Fed Plowing Ahead, in the Dark
The economy, like the growing season, is cyclical. Farmers know when to plant seeds so that crops peak at just the right time. Along the way, they rely on weather forecasts and real-time measurements of soil conditions to fine-tune their use of water and fertilizers. They do this because the stakes are high; the upfront cost to put a crop in the ground is enormous, and a failed harvest would be disastrous.
The Federal Reserve and other global central banks are, likewise, tenders of the global economy. They can adjust monetary policy to provide stimulus when conditions slow down and tighten when growth and inflation overheat, just as farmers can adjust nutrient applications to speed up or slow down crop maturation.
But unlike farmers, the Fed lacks real-time feedback. When it pulls a lever to tighten conditions, the extent of that change will likely not be fully known for six to 18 months. It’s always operating in the dark.
Today, it is widely believed that the Fed acted too late to effectively curb inflation. They didn’t get the seeds in the ground fast enough. Now, they’re making up for lost time through the fastest tightening cycle in the modern era, effectively driving a massive tractor at full speed at midnight. If they move too fast or understeer, they could plow right through a fence and push the economy into a recession.
All major asset classes ended the third quarter with losses, ranging from 4.1 percent for commodities to 11.4 percent for emerging markets. It was a mirror image of second-quarter results that showed the same pattern of diversifrustration, leaving even well-diversified investors frustrated.
Figure One: Asset Class Returns (Third Quarter and Year to Date 2022)
Sources: Asset class returns are represented by the following indexes: Bloomberg U.S. Aggregate Bond Index (U.S. bonds), S&P 500 Index (U.S. large-cap stocks), Russell 2000® (U.S. small-cap stocks), MSCI EAFE Index (international developed market stocks), MSCI Emerging Market Index (emerging market stocks), Dow Jones U.S. Real Estate Index (real estate), and Bloomberg Commodity Index (commodities).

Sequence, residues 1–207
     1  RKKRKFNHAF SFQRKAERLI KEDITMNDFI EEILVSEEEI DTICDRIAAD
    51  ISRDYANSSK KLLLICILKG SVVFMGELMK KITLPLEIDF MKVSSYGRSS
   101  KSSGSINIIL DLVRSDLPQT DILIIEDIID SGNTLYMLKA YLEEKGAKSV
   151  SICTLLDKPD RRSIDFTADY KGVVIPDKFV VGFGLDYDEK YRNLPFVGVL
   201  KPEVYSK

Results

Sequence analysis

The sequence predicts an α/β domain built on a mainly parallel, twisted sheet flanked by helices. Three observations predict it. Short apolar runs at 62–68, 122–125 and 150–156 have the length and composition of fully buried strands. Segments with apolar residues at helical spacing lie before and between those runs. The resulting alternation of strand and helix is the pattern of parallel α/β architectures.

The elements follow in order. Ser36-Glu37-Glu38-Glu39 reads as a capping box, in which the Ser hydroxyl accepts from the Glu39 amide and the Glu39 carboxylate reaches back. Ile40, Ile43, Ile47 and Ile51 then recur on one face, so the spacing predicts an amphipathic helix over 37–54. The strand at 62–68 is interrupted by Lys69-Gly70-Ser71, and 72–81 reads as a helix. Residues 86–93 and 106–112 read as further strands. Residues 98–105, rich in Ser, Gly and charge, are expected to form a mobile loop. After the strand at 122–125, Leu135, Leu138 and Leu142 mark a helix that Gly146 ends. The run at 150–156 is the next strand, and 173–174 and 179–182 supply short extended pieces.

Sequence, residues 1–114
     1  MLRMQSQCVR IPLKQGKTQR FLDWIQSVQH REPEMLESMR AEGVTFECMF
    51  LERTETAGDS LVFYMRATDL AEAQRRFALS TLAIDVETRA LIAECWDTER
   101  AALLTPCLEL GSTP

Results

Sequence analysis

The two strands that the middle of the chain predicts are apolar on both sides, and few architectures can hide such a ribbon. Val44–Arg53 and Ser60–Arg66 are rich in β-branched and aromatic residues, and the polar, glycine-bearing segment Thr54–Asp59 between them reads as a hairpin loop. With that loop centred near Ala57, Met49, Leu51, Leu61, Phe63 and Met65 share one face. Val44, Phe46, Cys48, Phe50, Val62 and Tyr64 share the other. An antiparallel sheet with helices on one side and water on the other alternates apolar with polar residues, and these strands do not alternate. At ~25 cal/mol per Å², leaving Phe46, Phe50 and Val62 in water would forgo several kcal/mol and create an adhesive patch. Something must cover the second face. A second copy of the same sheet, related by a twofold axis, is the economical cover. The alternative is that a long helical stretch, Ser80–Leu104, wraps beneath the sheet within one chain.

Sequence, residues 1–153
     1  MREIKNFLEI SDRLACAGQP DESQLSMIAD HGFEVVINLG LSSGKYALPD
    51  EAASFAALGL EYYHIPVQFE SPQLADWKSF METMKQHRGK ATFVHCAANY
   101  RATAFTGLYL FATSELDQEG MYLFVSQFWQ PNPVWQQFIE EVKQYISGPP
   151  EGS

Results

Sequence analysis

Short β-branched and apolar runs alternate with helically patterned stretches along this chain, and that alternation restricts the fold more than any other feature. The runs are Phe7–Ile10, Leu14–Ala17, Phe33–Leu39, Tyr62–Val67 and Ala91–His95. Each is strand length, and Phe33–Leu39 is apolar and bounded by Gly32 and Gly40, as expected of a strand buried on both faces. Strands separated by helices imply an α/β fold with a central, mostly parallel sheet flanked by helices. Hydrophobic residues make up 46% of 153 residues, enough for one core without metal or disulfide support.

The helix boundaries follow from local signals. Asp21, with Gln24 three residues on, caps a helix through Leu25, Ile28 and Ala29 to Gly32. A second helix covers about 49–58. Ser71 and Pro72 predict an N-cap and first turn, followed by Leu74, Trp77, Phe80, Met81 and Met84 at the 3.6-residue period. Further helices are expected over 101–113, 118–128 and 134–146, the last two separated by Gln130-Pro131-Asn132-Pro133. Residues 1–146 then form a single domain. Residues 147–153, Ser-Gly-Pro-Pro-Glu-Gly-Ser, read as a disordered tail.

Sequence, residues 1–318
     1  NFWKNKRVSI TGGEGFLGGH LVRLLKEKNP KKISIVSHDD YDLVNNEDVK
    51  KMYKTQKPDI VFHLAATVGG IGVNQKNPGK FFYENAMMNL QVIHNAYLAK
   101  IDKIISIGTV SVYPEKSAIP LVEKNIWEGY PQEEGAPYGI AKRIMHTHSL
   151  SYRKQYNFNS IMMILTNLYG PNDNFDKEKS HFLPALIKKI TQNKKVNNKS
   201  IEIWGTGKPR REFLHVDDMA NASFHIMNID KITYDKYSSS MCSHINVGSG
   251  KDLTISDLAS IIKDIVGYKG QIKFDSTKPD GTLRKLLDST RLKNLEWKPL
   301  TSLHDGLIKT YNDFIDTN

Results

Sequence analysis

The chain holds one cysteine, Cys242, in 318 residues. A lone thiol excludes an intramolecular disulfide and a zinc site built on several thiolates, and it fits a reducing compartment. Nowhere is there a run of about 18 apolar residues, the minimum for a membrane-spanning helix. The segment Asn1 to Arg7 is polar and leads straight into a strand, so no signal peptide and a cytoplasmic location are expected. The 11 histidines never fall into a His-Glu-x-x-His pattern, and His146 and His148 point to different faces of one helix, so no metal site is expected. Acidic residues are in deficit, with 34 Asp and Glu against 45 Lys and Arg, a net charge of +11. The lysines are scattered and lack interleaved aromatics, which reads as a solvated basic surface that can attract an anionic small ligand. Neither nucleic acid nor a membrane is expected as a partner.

U.S. equities delivered a wild ride during the quarter, with large-cap stocks rising by more than 10 percent by mid-quarter before plunging into negative territory, resulting in a 4.9 percent loss for the quarter. Small-cap stocks fared modestly better than their large-cap counterparts, and growth stocks outperformed value stocks for the quarter.
Outside the U.S., European stocks faced further declines amid the ongoing war in Ukraine and resulting energy shortages, which grew worse after simultaneous leaks were discovered on two major gas pipelines. Led by rising energy costs, Eurozone price inflation reached double-digit levels in September. Within emerging markets, the growing prospects for slowing global trade, continuing struggles in China, and an exceptionally strong U.S. dollar created significant headwinds.
For bond investors, this no-good, very-bad year grew worse in the third quarter as core U.S. bonds declined by another 4.8 percent, bring their year-to-date return to negative 14.6 percent. This represents the worst-ever return at this time of the year, eclipsing the prior largest drawdown by a wide margin, as seen in Figure Two. One reason for this outsized reaction is that starting rates were so low; if you start a rate-hike cycle with a 5 to 7 percent yield, the income stream helps offset the price declines caused by rising rates. This year, we began with a 10-year Treasury yield of just 1.5 percent, leaving little yield cushion to offset price declines. Rising interest rates and concerns about potential recession also added to 2022 difficulties for public real estate.
Although commodities also declined 4.1 percent for the quarter, it remains the only major asset class with positive returns (13.6 percent) on a year-to-date basis.
Figure Two: Core Bond Prices on Pace for Historic Losses (1976-2022)
Sources: Bloomberg, CAPTRUST Research; Data as of 9.23.2022
While these returns will leave any investor feeling glum, there is a silver lining. Existing bond prices fell as their yields rose. This means that long-term investors can now pick up bonds with the potential to provide meaningful income. Even 10-year Treasurys are now paying yields approaching 4 percent: their highest level in more than a dozen years.